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What Is an Easement?
An easement allows a person to take advantage of limited access to another person's property. An easement is only granted for a specific, limited purpose. Also, an easement is "non-possessory," which means that holding an easement does not mean that you hold an ownership interest in the property where the easement exists.
How Are Easements Created?
An easement is created either through a deed, will, or contract. The creation require the same procedures and formalities required for a real estate transaction. To create a valid easement, you must have: 1) a written instrument, 2) describing the easement’s location and interest, 3) a signature, and 4) proper delivery to the easement holder.
Easements can also be acquired in different situations that do not require an actual written instrument. for example, they may be created by necessity, where the easement is required to provide access for a piece of property that is surrounded by another person's property on all sides.
What Types of Easements Are There?
There are many types of easements. These include:
- Utility Easements: These easements are usually given to a utility company or local government in which they use a landowners land to run utility lines, cable wires, etc.
- Private Easements: Easements that are usually sold by a property owner to another for use of a driveway, water pipes, etc.
- Easements by Necessity: If it is absolutely necessary to cross someone's land, an easement by necessity usually exists. This occurs where there is no access to a public road or highway and the easement is necessary to provide access to a landlocked land.
- Prescriptive Easements: If your neighbor has been using a portion of land for a certain period of time, he may have a prescriptive easement which is usually acquired by routine, adverse use of another’s land.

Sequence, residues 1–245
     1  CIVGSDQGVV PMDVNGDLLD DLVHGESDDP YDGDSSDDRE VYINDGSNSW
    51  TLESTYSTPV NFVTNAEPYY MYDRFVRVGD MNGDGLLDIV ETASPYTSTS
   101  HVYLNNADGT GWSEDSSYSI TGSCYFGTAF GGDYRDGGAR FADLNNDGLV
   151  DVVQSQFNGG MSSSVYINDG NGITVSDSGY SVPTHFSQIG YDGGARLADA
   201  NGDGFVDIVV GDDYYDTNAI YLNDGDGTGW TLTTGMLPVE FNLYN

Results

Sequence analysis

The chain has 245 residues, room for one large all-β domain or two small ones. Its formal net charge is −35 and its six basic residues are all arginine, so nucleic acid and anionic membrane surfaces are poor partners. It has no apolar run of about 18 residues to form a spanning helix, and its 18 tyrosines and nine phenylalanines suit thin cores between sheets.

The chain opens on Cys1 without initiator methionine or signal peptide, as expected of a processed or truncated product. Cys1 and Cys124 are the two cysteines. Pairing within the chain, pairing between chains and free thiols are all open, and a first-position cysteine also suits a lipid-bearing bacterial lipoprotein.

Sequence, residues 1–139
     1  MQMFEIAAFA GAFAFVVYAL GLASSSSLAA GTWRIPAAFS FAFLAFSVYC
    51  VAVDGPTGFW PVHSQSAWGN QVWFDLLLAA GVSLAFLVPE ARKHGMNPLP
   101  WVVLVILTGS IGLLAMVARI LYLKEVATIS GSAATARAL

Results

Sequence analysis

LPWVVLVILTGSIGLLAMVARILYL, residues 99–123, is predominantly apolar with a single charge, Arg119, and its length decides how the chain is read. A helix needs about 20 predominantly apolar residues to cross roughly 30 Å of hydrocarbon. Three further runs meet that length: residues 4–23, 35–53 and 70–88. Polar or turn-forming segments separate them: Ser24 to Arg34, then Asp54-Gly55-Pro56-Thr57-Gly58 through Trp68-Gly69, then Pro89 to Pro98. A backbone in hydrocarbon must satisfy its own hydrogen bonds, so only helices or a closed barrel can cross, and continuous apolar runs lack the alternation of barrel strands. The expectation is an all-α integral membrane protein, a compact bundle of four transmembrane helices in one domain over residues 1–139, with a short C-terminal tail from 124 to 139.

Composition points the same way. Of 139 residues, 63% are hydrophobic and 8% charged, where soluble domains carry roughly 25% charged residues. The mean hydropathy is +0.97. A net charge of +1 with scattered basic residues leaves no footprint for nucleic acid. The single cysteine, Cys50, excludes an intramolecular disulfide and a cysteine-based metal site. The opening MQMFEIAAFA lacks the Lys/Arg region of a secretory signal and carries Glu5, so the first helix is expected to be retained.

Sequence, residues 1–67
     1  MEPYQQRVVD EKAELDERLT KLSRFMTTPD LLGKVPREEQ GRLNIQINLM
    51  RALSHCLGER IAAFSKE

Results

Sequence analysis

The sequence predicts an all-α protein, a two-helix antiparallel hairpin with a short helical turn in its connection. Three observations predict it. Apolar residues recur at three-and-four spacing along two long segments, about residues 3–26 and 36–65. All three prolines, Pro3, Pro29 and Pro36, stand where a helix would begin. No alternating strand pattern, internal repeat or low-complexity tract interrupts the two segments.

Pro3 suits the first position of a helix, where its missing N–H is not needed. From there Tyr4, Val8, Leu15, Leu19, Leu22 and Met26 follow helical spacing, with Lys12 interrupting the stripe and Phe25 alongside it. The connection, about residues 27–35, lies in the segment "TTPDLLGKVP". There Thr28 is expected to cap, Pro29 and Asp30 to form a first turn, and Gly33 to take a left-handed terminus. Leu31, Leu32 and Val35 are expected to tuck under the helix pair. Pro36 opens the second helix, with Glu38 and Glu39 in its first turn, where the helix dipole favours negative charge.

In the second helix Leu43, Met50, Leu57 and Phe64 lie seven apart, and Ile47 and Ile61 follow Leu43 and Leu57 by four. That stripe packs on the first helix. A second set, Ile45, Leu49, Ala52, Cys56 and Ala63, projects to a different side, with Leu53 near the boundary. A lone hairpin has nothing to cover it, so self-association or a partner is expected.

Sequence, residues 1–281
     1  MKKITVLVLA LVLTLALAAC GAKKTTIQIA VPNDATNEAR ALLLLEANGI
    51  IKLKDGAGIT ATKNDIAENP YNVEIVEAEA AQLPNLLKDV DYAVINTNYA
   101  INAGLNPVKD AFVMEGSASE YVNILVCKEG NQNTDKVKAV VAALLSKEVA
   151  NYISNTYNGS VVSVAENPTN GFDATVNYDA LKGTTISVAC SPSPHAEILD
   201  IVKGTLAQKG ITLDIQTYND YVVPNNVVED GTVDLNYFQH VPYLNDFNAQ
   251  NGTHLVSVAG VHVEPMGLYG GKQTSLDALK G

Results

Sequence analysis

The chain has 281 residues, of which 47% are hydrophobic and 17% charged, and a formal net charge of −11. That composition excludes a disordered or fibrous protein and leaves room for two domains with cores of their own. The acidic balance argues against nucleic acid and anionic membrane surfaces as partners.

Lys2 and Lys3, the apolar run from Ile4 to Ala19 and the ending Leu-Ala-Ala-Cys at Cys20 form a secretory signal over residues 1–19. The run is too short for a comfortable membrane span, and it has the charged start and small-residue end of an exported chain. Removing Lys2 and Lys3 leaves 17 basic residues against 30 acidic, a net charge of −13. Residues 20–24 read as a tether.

- Easement by Estoppel: If a neighbor spends a substantial amount of money, labor, etc. towards the land, a court may grant an easement to the neighbor by estoppel.
- Easement in Gross: An easement that belongs to a person or entity and only involves one piece of land. This would usually apply to Utility companies using a landowner’s land to run cable wires, pipes, utility lines, etc.
- Negative Easements: A negative easement prevents a neighbor from using land in a certain way. This usually applies where an adjacent landowner is blocking a scenic view.
How Can I Prevent Someone from Acquiring an Easement on My Land?
There are several preventative measures you can use. These include:
- Put it in writing: If you let someone use your land, be sure to make a written agreement that specifies that you are not granting an easement.
- Give permission: When a property owner grants permission to another it can prevent a prescriptive easement from being granted.
- Post signs and regularly check your land: This will help a property owner determine if someone is using their property without permission.
How Do You Terminate an Easement?
Easements "run with the land" when ownership changes hands and generally have no set termination date. However, easements can be given set conditions such as time limits.
As a general rule, an easement holder has the right to use the land in whatever reasonable and convenient way in order to enjoy the purpose for which the easement was granted. However, an easement may be terminated if the court determines that the easement holder is using the easement beyond reasonable use in which it exceeds the scope of his or her rights originally granted. This occurs where there is substantially interference to the landowners land.
What Are My Remedies as a Landowner?
If the court determines that the landowner is unduly burdened by the easement because of the easement holder’s unreasonable use, the landowner is entitled to several remedies.
- Injunctions: Court order restricting and terminating the easement holder’s right to use the easement.
- Monetary Damages: If the easement holder’s excessive and unreasonable use has caused any damages to the landowners property or the interference has caused diminution in the value of the land, the landowner may recover monetary damages.
Seeking Legal Help
If there are any disputes over an easement or there are complications between a landowner and an easement holder on the use of the easement, then getting legal help by a experienced local real estate attorney is invaluable. The laws regarding easements vary from state to state, but the formation of an easement is comparable to transferring interest in land and requires professional legal assistance.
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Last Modified: 06-30-2014 03:46 PM PDT
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